White blood cell count may identify abnormal cardiometabolic phenotype and preclinical organ damage in overweight/obese children

P. Di Bonito, L. Pacifico, C. Chiesa, C. Invitti, E. Miraglia Del Giudice, M. G. Baroni, N. Moio, M. C. Pellegrin, M. Tomat, M. R. Licenziati, M. Manco, C. Maffeis, G. Valerio

Research output: Contribution to journalArticlepeer-review


Background and Aims: Subclinical inflammation is a central component of cardiometabolic disease risk in obese subjects. The aim of the study was to evaluate whether the white blood cell count (WBCc) may help to identify an abnormal cardiometabolic phenotype in overweight (Ow) or obese (Ob) children. Methods and Results: A cross-sectional sample of 2835 Ow/Ob children and adolescents (age 6-18 years) was recruited from 10 Italian centers for the care of obesity. Anthropometric and biochemical variables were assessed in the overall sample. Waist to height ratio (WhtR), alanine aminotransferase (ALT), lipids, 2 h post-load plasma glucose (2hPG), left ventricular (LV) geometry and carotid intima-media thickness (cIMT) were assessed in 2128, 2300, 1834, 535 and 315 children, respectively. Insulin resistance and whole body insulin sensitivity index (WBISI) were analyzed using homeostatic model assessment (HOMA-IR) and Matsuda's test. Groups divided in quartiles of WBCc significantly differed for body mass index, WhtR, 2hPG, HOMA-IR, WBISI, lipids, ALT, cIMT, LV mass and relative wall thickness. Children with high WBCc (≥8700 cell/mm3) showed a 1.3-2.5 fold increased probability of having high normal 2hPG, high ALT, high cIMT, or LV remodeling/concentric LV hypertrophy, after adjustment for age, gender, pubertal status, BMI and centers. Conclusions: This study shows that WBCc is associated with early derangements of glucose metabolism and preclinical signs of liver, vascular and cardiac damage. The WBCc may be an effective and low-cost tool for identifying Ow and Ob children at the greatest risk of potential complications.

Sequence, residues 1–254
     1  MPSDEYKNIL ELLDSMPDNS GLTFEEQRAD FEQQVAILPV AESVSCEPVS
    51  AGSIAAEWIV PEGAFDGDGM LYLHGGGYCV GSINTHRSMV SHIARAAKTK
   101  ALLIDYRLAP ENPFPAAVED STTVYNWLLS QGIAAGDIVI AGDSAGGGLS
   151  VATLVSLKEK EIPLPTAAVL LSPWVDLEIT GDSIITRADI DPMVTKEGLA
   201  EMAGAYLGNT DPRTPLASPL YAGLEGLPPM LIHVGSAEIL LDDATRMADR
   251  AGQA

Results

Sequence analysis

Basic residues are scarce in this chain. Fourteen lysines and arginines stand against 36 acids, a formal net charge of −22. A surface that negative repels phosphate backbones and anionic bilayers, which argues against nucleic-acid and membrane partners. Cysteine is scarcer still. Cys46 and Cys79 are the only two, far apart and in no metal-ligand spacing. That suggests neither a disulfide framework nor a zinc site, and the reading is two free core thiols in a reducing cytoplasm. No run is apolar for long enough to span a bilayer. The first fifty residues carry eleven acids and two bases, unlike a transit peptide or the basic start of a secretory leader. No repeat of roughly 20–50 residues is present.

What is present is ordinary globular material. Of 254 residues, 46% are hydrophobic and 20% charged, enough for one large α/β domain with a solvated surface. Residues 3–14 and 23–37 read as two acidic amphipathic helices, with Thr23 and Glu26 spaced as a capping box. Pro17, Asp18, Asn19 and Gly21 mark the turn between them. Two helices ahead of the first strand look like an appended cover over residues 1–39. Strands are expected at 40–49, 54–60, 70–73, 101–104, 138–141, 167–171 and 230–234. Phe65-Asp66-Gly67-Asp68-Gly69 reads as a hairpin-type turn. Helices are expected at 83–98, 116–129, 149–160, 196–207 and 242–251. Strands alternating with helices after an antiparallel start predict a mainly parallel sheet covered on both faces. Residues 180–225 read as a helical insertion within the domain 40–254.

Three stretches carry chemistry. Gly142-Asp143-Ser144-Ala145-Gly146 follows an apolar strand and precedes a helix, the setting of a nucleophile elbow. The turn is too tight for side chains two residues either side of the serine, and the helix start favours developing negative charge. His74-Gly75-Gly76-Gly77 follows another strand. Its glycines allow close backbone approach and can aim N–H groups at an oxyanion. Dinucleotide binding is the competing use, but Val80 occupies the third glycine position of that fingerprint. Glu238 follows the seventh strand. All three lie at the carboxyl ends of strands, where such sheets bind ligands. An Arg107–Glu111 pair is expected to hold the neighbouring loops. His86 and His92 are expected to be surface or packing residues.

Original languageEnglish
JournalNutrition, Metabolism and Cardiovascular Diseases
Publication statusAccepted/In press - Dec 3 2015


  • Cardiometabolic risk factors
  • Overweight/obese children
  • Preclinical signs of organ damage
  • White blood cell count

ASJC Scopus subject areas

  • Medicine (miscellaneous)
  • Nutrition and Dietetics
  • Endocrinology, Diabetes and Metabolism
  • Cardiology and Cardiovascular Medicine


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